Finally, I was able to attend the Mayor's State of Mobility address today.  It was a long, detailed, balanced, well thought-out speech on a strategy for addressing Houston's mobility needs.  I agreed with almost all of it, with one notable exception being the claim that the Katy Freeway expansion was a mistake because it's just as congested as it used to be.  That may be, but it moves twice as many people as it used to, and if we hadn't done it, congestion would be far worse out there, and I'm sure many employers in that corridor would have abandoned Houston for Katy, The Woodlands, and Sugar Land.  One interesting item of note from the Mayor: he will *not* force rail on neighborhoods that don't want it, which means the University Line is essentially dead west of Shepherd as long as he's in office (not that I think METRO has the funds available in any case).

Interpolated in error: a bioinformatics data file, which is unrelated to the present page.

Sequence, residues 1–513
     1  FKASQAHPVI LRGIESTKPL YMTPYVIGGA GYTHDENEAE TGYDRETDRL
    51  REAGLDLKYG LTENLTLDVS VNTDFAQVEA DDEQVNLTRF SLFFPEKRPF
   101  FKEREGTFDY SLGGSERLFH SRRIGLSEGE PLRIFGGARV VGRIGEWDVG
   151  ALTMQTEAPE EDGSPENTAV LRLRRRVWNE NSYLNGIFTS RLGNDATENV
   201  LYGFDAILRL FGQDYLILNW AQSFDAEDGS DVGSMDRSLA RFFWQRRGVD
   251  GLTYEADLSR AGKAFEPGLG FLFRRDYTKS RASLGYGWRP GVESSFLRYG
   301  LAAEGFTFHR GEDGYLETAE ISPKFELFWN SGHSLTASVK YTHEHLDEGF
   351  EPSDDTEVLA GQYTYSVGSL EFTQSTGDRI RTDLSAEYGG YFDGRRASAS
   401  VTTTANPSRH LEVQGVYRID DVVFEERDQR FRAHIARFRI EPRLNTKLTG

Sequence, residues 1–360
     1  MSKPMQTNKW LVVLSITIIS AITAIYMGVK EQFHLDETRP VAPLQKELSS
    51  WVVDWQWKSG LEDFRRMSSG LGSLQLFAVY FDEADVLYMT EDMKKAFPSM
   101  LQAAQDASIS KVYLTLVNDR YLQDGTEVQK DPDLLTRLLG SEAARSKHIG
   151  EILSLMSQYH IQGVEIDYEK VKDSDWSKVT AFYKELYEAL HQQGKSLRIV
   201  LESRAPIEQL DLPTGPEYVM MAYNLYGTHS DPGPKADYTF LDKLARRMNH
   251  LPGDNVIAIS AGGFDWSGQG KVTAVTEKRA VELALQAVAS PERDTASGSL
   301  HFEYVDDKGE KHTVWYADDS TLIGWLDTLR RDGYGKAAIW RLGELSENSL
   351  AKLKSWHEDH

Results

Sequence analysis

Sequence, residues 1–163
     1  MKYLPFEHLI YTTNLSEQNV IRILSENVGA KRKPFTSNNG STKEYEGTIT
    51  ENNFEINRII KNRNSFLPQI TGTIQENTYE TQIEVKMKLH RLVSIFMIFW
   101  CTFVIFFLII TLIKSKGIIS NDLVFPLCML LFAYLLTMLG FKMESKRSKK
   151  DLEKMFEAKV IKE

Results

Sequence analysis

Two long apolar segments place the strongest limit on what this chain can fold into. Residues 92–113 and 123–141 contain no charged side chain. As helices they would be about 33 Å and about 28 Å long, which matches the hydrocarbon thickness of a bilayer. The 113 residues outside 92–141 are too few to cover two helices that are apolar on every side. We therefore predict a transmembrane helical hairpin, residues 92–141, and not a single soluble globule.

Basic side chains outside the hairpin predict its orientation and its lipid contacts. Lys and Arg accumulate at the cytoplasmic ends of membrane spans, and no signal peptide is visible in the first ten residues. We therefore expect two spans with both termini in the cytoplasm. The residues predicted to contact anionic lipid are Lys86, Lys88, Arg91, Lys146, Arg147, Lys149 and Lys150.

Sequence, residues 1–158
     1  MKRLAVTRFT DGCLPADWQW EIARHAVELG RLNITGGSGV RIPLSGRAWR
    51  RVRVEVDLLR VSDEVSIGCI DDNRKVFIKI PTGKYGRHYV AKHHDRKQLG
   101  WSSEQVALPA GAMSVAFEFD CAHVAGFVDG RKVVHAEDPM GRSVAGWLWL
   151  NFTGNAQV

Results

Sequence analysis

At the same event, TAG had this graphic with the consensus $69B Regional Mobility Vision.  Two things really jumped out at me.  The first is that METRO is showing $24 *billion* of new rail lines as a "minimum need"!! Not sure where that funding is supposed to come from, or if it did magically appear, whether all these lines would be the best use of it.  The other thing that jumped out at me? Well, if you look closely, evidently the downtown CBD is moving to the East End... lol.

TAG Houston Regional Mobility Vision

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Sunday, May 01, 2016

11 signs Houston will succeed, cheap traffic reduction, winning at affordable housing, TIFs, MUDs, and more

Just a few small items this week:
  • Market Urbanist Scott Beyer on the pros and cons of tax increment financing. (TIFs)